When I decided that Elijah was going to be buried, I requested that his coffin be a plain white box, delivered to our home so that we could personalise it. This was one way we could honour our son and brother, and in doing so it lessened the awfulness of a baby-sized coffin.

When the box first arrived, it was at the end of a traumatic day for me, so my dad moved the coffin to the boot of Gwenda’s car so that I didn’t have to see it right away. In the morning, he was by my side when I first saw it.

There’s something very wrong about a small coffin. Looking at the box, and knowing that this was the container for Elijah’s little body, simply made it worse. Once I had seen the box, I left it on the table in our shed, and gradually it became part of our family’s familiar landscape.

The girls started to play with the box, placing toys in it as a boat. Then it was a baby bed for a short while. As a family, we talked about how it was for Elijah’s body, and his body was the size of big baby.

I had bought some special coloured permanent pens on my walk into town with Elijah on his last day, and I pulled these out and gave them to the girls so they could decorate the coffin. Aisha and Brioni were allocated the long sides, and Calista and Delaney received the ends.

I reserved the lid for myself. When the girls plead with me to also add their mark to the lid, I confessed my selfishness and said that this was one thing I was not going to share.

One night, I sat down with a black pen and started a flower design with an ever-increasing petal size. My dad was beside me, talking about his workplace, his colleagues and the idiosyncrasies of the bureaucracy he works within.

My mind was transported to Sydney as I drew the chrysanthemum, and slowly Dad’s stories became interwoven with the drawing. Afterwards, whenever I looked at the picture on the coffin, I remembered the mental pictures I had created at the time, instead of Elijah’s lifeless body.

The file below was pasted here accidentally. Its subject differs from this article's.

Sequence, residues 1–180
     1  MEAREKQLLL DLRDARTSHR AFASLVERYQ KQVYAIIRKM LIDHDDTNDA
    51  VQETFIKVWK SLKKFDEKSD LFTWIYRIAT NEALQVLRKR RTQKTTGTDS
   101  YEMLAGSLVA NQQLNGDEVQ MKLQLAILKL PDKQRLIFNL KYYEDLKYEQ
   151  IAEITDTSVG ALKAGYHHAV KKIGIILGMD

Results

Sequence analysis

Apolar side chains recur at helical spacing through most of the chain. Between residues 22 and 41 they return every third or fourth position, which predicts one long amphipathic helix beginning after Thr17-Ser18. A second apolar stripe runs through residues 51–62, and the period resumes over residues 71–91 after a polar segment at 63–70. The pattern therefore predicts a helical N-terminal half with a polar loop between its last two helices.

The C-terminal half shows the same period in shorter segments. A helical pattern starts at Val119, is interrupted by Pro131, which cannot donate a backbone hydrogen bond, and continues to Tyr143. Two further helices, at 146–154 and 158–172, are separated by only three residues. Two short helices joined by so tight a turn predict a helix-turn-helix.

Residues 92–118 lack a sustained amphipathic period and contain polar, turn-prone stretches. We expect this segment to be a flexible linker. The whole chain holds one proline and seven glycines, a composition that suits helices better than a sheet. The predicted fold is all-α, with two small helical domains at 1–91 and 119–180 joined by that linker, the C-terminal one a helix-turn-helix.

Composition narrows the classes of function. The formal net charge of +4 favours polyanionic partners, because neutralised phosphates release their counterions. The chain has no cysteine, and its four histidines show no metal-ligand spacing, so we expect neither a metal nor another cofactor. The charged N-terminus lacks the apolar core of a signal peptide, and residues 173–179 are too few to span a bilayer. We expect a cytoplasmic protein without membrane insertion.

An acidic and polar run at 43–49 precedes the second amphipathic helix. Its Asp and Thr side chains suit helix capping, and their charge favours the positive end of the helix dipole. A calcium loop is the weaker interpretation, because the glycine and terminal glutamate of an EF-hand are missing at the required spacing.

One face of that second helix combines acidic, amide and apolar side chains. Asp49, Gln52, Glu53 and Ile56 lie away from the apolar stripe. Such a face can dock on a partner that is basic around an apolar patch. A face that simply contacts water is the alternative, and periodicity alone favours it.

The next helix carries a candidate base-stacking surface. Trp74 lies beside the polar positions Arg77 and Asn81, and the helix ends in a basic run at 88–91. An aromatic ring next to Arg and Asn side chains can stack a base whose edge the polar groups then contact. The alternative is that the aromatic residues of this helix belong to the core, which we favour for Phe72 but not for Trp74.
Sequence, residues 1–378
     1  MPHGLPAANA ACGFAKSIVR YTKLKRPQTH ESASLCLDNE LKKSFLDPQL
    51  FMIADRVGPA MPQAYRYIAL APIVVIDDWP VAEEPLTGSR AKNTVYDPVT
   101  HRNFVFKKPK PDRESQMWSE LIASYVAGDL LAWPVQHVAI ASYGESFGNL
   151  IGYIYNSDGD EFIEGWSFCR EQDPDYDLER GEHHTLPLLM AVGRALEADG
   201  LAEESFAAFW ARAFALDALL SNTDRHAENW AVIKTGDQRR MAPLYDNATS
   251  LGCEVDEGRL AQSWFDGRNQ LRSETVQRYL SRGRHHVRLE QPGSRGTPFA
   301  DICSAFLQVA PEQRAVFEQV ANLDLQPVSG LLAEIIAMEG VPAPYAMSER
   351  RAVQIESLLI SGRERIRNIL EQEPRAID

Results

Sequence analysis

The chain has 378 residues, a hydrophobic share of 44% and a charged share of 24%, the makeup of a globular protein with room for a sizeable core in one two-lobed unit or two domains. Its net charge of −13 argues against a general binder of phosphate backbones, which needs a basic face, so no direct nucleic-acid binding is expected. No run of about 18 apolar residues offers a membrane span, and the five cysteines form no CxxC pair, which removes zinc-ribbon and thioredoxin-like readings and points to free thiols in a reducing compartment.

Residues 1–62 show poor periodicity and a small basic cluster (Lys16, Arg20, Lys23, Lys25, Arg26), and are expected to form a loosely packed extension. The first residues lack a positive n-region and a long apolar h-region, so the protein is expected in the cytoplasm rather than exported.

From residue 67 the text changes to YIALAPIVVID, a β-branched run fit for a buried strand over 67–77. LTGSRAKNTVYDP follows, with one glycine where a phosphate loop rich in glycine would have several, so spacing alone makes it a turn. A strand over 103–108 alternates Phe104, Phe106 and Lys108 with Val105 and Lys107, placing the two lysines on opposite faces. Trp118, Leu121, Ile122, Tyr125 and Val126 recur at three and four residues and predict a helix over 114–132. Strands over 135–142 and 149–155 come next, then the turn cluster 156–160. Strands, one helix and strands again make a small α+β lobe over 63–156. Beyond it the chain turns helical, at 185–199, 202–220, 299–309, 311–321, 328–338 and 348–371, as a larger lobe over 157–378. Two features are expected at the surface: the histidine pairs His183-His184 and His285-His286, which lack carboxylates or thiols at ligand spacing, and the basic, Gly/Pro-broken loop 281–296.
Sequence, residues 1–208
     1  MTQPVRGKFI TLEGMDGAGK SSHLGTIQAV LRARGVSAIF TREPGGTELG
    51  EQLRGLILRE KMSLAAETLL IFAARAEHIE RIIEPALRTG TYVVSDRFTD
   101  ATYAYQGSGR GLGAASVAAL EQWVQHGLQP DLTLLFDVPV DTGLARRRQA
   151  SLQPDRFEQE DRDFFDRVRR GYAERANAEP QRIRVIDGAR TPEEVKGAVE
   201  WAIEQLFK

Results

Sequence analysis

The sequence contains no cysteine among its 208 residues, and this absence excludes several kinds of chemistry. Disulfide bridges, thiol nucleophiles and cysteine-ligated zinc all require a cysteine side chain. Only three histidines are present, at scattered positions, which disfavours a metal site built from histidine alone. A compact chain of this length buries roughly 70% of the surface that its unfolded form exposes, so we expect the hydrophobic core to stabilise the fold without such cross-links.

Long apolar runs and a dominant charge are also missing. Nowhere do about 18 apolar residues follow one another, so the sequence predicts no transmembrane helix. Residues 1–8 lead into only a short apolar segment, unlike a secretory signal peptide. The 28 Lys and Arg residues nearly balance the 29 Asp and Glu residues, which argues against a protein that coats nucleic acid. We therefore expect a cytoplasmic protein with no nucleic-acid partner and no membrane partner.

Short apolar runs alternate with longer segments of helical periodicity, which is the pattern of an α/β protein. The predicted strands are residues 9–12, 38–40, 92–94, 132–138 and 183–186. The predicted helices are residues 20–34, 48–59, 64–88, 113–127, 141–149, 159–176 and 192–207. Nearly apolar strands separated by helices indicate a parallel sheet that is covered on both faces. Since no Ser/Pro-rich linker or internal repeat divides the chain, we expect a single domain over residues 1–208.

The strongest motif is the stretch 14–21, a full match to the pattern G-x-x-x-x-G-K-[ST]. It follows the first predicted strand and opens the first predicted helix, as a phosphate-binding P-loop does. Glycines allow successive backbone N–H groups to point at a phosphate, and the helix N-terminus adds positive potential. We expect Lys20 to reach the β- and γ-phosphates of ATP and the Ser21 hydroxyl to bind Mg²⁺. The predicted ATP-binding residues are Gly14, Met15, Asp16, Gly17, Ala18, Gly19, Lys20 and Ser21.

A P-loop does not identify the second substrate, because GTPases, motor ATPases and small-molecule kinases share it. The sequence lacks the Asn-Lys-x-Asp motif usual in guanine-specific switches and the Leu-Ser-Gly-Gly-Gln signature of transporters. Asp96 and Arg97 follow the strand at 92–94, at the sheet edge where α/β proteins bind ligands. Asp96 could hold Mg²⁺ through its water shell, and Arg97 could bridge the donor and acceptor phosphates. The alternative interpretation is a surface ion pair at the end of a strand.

The coffin-lid sat in black and white for several more days until I ran out of time and needed to return the coffin to the funeral home. Tonight, I started colouring it in and stayed up late to finish it. Perhaps I wanted to delay Elijah’s design because I know it is leading to a final good-bye — something I never wanted to have to do.

Lauren drawing on Elijah's coffin lid, July 2012
I find the intricate drawing and then the colouring-in of the coffin-lid therapeutic for my grieving spirit.

I deliberately worked through a rainbow of colours in each ring of the chrysanthemum — both as a tribute to Elijah Rainbow, and also to make this terrible, ugly box as beautiful as possible. If it looks lovely, it comes at too high a price.

Brioni drawing on Elijah's coffin, July 2012
Brioni adds the final touches to her side of Elijah's coffin.

Elijah's coffin, July 2012
When we're done, Elijah's coffin is so colourful — decorated by loving hands on all sides.

At the top of the lid, I wrote out a favourite song of ours from the Rainbow Gathering where Elijah was born and from which he received his colourful name. The song is meaningful on so many levels, and I wish I had a proper recording of it to listen to.

I am a gypsy,
I am a wanderer,
I am rainbow,
My soul will never die.

I am a dreamer,
I am a dancer,
I am rainbow,
My soul will never die.

I am a healer,
I am a listener,
I am rainbow,
My soul will never die.